During this season that some see as a rise of national ‘discontent’ Ugandans are once more entering another crescendo of benign political episode, with the launch mid this week of another political party called Alliance for National Transformation (ANT) led by retired Major General, Greg Mugisha Muntu. The much acclaimed ANT, is a rather colourful acrimony, if you consider that in Uganda there are edible little insects called white and black ants.
By Ofwono Opondo
The outright victory by the governing African National Congress (ANC) in the just concluded elections in South Africa has debunked the youth political bubble especially when expressed through rancor, greed, indiscipline and self-aggrandizement. As a fraternal and sister liberation political organization to the National Resistance Movement (NRM) in Uganda, we extend salutations and congratulations to the ANC for proving the naysayers wrong again and again over the years.
Ofwono Opondo May, 7, 19 Besigye games…1
Unmasking Kizza Besigye and his political games
The revival of Uganda Airline, under Uganda National Airline, has enlisted mixed reactions of optimistic euphoria from majority of Ugandans, and negativism by a few especially opposition leaning. President Yoweri Museveni, who was all smiles when he received the first two Bombardier planes, expressed optimism that rival of a regional carrier is still possible. While the optimists think it will succeed, pessimists are spreading a narrative of a vanity project for President Museveni’s ego trip.
Since last week’s Supreme Court ruling that upheld an earlier decision that the 2017 Constitutional amendment which among other things lifted the presidential age limit for candidates seeking office of president, there has been condemnation of judges who made the majority decision. The amendment also removed the age limit requirement for candidates seeking district chairperson seat.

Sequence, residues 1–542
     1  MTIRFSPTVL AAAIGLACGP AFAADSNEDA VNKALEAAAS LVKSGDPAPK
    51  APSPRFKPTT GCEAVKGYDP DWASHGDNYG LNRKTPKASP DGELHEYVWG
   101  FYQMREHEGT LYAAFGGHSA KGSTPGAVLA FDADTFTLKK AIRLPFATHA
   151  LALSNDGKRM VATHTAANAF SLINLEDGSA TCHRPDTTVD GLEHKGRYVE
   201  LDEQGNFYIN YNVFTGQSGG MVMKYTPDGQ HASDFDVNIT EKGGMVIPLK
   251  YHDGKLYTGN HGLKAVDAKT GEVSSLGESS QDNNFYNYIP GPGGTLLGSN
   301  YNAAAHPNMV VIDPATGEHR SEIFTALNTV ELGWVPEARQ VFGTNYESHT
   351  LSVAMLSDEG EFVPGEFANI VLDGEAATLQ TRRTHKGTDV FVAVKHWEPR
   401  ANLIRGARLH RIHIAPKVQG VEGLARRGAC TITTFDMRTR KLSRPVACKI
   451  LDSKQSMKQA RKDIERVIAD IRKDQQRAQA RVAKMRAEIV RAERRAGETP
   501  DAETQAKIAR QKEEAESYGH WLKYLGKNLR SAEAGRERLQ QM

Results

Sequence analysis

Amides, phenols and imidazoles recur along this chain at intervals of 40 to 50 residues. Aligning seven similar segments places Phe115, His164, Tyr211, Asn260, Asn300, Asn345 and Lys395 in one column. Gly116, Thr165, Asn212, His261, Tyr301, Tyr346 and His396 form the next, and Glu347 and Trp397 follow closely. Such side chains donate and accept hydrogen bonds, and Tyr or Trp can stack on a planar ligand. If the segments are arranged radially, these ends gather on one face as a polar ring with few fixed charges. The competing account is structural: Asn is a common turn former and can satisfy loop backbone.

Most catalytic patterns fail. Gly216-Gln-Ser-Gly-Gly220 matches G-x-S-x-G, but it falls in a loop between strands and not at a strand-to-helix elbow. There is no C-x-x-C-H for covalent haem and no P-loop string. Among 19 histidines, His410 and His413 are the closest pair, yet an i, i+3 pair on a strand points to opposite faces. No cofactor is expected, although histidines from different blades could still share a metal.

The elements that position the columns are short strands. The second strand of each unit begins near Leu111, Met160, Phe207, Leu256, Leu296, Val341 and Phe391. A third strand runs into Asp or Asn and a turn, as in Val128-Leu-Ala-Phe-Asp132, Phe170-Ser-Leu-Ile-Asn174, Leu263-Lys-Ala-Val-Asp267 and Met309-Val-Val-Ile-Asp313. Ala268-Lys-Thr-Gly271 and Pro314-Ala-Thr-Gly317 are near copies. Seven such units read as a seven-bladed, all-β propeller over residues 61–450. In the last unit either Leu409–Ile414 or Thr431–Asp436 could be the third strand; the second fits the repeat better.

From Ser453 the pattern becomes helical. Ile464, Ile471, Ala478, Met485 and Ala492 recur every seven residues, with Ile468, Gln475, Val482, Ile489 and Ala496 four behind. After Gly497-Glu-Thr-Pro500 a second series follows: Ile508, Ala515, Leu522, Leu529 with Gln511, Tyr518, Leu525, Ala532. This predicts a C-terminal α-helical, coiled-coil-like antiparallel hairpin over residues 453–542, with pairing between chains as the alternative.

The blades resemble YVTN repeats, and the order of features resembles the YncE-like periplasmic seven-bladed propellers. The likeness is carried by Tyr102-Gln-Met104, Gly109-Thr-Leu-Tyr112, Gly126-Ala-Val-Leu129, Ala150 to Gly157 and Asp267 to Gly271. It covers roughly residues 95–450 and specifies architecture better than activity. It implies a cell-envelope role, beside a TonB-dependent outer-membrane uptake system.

Events in Algeria and Sudan where long serving presidents have been toppled in quick succession many people have sent many tongues wagging with excitement within the opposition, and suppressed trepidation among some NRM supporters worried that the trend could soon sweep through Uganda. It is important to analyse what appears to be the common threads in Algeria and Sudan, namely ideology, social and economic deprivation, lack of democracy, longevity and age of the presidents, to understand if Uganda is similarly fertile for a popular mass insurrection.
Following last week’s events involving the kidnap and eventual rescue of an American female tourist, Kimberly Sue Endicott and her tour guide Jean Paul Mirenge, in the Queen Elizabeth National park’s Ishasha sector in Kanungu district, frenzy, anxiety and cynicism descended into the local Ugandan media. The frenzy and anxieties were understandable because of the potential ramifications on Uganda’s economic progress, stability and image as a good destination for investments, trade and tourism.
Weeks of peaceful protests, that forced Algeria’s president for twenty years, Abdelaziz Bouteflika, to abandon running again for office, and on Tuesday culminated in him relinquishing power with immediate effect has re-ignited Dr Kizza Besigye, back to ‘life’ swinging his political pendulum aimlessly. Bouteflika suffered a stroke in 2013 and has rarely been seen in public.
Opposition political groupings are reported to be mulling over whether to work in alliance towards 2021 elections supposedly to defeat the NRM, but perhaps more precisely, to dislodge President Yoweri Museveni, whose longevity gives them sleepless nights. But, so far, the deep cracks are evidently visible, as each accuses the other of being a mole working for President Museveni. And although each of them claim, without much evidence to be fighting for ‘Ugandans’, it will be quite hard for them to dismantle NRM’s record.
Uganda and Rwanda have had so much contact spanning centuries, the greater part under colonialism, backwardness, and mass murders by governments we jointly stopped for which each side should be grateful for their respective roles. But following so much opprobrium accompanied by pettiness flowing under the bridge from across Uganda’s southern border in the last one month, it is prudent that the renewed frostiness is put into perspective.